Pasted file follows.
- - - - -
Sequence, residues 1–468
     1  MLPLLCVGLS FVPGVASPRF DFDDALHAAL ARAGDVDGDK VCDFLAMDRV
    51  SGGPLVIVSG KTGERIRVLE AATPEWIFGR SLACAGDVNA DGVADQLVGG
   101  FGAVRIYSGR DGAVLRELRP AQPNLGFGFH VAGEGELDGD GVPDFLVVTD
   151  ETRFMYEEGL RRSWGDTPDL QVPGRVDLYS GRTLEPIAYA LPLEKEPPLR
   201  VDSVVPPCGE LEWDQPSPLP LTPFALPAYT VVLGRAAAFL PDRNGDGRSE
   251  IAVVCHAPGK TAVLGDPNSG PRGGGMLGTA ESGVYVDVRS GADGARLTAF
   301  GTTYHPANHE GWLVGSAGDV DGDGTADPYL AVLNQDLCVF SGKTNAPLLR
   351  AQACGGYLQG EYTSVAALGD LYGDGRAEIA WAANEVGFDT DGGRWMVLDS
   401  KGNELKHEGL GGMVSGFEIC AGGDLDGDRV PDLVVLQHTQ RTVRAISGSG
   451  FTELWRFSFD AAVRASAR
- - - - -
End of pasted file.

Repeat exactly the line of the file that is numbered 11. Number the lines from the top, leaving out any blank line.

   451  FTELWRFSFD AAVRASAR